kicking_k

lines from schweyk in the second world war

In classics long after, quotables on January 23, 2010 at 11:33 pm

“A collaborationist doesn’t work for nothing, just the opposite, he even gets paid more these days because his own people despise him, I have to be compensated for that, why else do it?” – Schweyk (5)

svejk

Brecht adapted the work of others throughout his career – from looking-glass revisions of ‘The Threepenny Opera’, ‘Turandot’, ‘The Duchess of Malfi’,’ ‘Edward II’, and ‘Round Heads and Pointed Heads’ (based on ‘Measure for Measure’) to this later play, which marches Jaroslav Hašek’s novel onto the stage (updating from WWI to II in process). Its central character, either an innocent incompetent or a trickster playing the part as a one-man passive resistance, is a readymade Brechtian survivor, whose feints, tangents and allusions are too slippery for the literalism of the Nazi occupiers. He routinely over-praises these latter, inflating them into ridiculousness, a burlesque of obedience (thus, in a disapproving speech about his less vocal countryfolk: “When he hears he’s to die for something great, he doesn’t like the taste of it, he picks at it and pokes it around as if it was going to stick in his throat.”)

“In times like these, you’ve got to crawl. I licked his hand.”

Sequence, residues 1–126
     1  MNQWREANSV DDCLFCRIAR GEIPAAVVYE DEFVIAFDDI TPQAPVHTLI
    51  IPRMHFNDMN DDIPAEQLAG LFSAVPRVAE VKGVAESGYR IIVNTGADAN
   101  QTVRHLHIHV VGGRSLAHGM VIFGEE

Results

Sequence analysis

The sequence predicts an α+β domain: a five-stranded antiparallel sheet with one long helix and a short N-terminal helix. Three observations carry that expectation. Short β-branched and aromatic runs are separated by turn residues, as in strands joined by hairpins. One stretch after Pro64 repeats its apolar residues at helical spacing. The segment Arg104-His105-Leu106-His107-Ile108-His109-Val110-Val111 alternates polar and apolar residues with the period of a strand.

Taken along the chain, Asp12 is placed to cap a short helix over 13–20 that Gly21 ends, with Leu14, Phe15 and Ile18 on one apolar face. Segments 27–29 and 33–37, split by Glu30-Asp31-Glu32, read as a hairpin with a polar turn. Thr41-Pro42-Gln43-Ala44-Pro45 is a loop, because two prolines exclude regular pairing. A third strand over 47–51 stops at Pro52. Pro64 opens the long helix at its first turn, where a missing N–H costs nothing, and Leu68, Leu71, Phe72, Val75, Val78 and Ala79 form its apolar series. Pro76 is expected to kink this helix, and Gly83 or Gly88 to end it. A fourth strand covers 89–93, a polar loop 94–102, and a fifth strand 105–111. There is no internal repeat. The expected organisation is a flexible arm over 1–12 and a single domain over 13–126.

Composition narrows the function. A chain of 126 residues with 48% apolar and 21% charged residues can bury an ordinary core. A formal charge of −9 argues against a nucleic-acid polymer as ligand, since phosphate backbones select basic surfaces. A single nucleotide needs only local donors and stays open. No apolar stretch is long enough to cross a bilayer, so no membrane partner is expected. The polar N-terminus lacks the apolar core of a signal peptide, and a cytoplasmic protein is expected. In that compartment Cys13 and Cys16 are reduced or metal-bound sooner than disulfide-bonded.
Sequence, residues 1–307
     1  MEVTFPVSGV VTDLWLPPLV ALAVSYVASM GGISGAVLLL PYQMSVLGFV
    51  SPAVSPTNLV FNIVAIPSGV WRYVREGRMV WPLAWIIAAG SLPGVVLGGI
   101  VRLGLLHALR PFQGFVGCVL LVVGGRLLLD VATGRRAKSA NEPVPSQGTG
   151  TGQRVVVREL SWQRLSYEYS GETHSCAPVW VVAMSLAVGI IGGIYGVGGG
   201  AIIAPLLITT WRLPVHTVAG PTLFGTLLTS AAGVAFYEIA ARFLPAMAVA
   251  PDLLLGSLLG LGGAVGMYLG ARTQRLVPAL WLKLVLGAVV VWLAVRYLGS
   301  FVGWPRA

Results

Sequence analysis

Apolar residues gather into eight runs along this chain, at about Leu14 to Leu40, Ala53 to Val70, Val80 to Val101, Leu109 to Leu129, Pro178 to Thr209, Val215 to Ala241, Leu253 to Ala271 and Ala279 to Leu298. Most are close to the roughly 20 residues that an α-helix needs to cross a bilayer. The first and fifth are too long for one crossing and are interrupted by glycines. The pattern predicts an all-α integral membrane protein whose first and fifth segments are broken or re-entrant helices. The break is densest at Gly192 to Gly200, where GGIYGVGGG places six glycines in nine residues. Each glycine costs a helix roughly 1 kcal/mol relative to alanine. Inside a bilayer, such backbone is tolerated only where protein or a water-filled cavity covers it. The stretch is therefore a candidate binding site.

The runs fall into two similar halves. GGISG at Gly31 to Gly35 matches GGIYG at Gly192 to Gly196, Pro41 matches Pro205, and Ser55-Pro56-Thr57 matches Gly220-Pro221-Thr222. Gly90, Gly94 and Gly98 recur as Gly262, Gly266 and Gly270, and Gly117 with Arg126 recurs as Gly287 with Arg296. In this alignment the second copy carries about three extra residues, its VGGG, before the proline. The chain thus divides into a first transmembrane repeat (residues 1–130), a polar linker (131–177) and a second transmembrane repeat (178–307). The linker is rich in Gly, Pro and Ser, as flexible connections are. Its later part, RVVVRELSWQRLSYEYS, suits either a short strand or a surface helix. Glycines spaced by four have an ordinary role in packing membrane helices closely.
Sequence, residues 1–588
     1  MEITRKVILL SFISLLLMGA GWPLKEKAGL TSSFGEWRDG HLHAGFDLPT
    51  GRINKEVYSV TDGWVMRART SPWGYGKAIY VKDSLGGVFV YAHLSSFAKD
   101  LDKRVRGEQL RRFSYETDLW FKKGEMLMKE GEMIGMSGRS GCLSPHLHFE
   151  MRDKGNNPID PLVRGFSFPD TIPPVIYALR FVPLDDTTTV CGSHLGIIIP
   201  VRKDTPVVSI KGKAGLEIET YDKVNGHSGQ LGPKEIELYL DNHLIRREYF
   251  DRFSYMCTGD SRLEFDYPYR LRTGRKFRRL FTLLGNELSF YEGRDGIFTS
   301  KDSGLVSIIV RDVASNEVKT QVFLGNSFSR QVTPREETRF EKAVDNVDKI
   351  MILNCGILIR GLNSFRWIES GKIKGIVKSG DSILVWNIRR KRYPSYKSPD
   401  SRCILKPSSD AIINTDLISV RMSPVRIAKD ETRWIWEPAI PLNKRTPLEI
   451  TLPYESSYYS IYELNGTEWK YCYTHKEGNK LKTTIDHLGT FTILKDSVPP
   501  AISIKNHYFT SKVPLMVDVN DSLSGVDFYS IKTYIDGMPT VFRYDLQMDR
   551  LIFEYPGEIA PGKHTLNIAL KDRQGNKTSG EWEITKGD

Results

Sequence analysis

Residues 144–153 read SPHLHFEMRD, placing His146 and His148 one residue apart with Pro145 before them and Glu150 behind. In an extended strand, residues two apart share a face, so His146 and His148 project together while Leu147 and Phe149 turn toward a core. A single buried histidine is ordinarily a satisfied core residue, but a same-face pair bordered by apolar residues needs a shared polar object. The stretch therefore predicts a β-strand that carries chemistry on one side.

Even this submissiveness becomes a weapon – volunteering to help a soldier remember which train carriage to send, he succeeds in utterly befuddling him, and elsewhere outflanks the party’s inbuilt racism with a speech on mongrels being the cleverest dogs.

Much of the play is set in ‘The Chalice’, a local bar which becomes a liminal space as natives and invaders intermingle and drink, thus risking losing control. The regulars exchange black market goods, unsettle soldiers by telling their future (“a hero’s death” predicted as something to be proud of) and – brilliantly – buy ‘postcards of German towns’. Initial scepticism over these – with a caption ‘Hitler is one of the great architects of history’ dissolves when they’re examined: “That looks dreadful. I’ll have that one. Nothing but craters.” In the final scene, Schweyk remembers the place fondly, its hospitality open to all who can pay, wandering through the snow – exchanging pleasantries with deserters, a murderous chaplain, and Hitler, now facing defeat – still looking for the front.

schweyk book

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